S125 Endophytic actinomycetes from Amphipterygium adstringens as potential producers of new pharmacological compounds.
Wednesday, July 27, 2016: 9:00 AM
Bayside B/C, 4th Fl (Sheraton New Orleans)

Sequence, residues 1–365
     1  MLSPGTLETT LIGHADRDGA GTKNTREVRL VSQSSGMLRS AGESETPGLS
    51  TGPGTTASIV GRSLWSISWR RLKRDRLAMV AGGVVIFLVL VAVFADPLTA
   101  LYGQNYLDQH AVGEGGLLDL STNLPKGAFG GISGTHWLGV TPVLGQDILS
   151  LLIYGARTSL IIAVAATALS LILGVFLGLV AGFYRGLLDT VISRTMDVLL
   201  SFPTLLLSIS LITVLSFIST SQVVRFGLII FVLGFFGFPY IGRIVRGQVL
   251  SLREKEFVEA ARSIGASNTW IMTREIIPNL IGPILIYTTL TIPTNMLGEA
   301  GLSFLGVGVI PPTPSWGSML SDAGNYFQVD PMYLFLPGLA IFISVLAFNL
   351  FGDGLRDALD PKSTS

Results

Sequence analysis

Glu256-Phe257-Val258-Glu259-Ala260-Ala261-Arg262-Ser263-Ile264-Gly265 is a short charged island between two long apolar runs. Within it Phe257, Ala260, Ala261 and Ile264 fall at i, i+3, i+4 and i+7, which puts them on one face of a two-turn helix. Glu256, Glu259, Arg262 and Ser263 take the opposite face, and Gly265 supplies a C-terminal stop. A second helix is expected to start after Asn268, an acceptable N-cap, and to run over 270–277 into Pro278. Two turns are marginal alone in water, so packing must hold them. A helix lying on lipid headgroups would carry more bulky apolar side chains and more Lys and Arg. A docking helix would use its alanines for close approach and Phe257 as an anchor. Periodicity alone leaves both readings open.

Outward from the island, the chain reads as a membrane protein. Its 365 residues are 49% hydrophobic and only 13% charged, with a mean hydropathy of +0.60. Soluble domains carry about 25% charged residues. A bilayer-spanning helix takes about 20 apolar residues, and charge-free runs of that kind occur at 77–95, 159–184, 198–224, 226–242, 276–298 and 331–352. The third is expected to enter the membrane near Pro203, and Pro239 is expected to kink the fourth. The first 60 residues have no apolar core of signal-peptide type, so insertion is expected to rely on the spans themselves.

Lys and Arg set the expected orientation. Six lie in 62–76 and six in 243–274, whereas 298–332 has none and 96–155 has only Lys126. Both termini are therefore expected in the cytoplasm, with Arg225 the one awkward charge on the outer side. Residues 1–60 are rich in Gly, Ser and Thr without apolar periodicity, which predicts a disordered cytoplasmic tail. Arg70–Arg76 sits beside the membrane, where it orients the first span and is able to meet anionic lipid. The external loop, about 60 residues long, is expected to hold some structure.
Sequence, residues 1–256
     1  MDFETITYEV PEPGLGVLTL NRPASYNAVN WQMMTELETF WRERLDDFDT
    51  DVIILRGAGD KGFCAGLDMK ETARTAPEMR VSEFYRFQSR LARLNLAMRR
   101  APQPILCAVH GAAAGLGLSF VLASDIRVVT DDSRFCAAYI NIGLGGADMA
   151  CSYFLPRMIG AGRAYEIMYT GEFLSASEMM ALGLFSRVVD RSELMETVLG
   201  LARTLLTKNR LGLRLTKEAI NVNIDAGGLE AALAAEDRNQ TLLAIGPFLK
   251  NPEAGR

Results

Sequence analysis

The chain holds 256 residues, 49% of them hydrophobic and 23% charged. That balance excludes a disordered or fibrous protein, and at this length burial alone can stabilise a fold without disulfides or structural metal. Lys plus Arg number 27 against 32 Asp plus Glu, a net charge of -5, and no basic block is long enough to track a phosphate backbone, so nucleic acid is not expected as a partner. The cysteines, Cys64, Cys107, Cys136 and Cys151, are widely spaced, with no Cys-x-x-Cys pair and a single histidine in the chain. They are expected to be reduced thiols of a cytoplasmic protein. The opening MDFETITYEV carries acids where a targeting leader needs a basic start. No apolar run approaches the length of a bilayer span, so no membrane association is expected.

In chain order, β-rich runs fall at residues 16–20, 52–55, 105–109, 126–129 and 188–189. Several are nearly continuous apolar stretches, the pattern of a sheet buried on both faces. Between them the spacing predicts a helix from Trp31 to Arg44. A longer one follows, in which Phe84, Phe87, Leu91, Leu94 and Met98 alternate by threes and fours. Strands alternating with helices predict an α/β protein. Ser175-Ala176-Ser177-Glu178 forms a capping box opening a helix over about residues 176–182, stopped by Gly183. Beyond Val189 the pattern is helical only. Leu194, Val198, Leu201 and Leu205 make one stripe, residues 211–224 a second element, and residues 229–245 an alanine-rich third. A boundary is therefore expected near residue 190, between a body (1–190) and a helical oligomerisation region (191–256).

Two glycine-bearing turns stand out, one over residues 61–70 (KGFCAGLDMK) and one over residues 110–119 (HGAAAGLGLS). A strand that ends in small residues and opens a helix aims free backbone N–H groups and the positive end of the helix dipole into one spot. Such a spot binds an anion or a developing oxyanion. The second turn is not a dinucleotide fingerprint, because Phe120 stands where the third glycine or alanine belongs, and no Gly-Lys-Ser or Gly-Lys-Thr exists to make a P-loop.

The continuous search for bacterial secondary metabolites is a need and a consequence of the society’s growing demand for new compounds with pharmacological activities and improved properties. This search has been historically approached by selection of strains from different niches and evaluation of their biological activities. Endophytes are a relatively new source of molecules with potential biological activity. Among them, a great variety of bioactive compounds has been reported. In this study, two actinomycete isolated as endophytes from the bark tree Amphipterygium adstringens (used in traditional medicine in Mexico), were evaluated. Among them, one identified as Streptomyces scabrisporus and one as Actinoplanes sp. were selected for further characterization. Phylogenetic studies suggested Actinoplanes sp. as a new species. Dichloromethane (DCM) extracts from S. scabrisporus, tested against Micrococcus luteus and Bacillus subtilis gave minimum inhibitory concentrations (MIC) of 0.1 and 0.6 µg ml-1, respectively. Extracts from Actinoplanes sp. showed MIC concentrations of 200 µg ml-1 for the assay Gram-positive strains. When tested against the cancer cell lines MCF7, HeLa, as well as HaCaT as a healthy cell line, extracts from the Actinoplanes sp. produced IC50 values >100 µg ml-1 against all these lines. However, S. scabrisporus extracts produced IC50 values of 0.29, 0.51 and 0.96 µg ml-1, respectively, making this strain a very attractive model for further elucidation of its bioactive molecules. A genome mining analyses of S. scabrisporus and Actinoplanes sp. strains evidenced at least 20 and 16 clusters, respectively, of genes putatively involved in biosynthetic routes of specialized metabolites.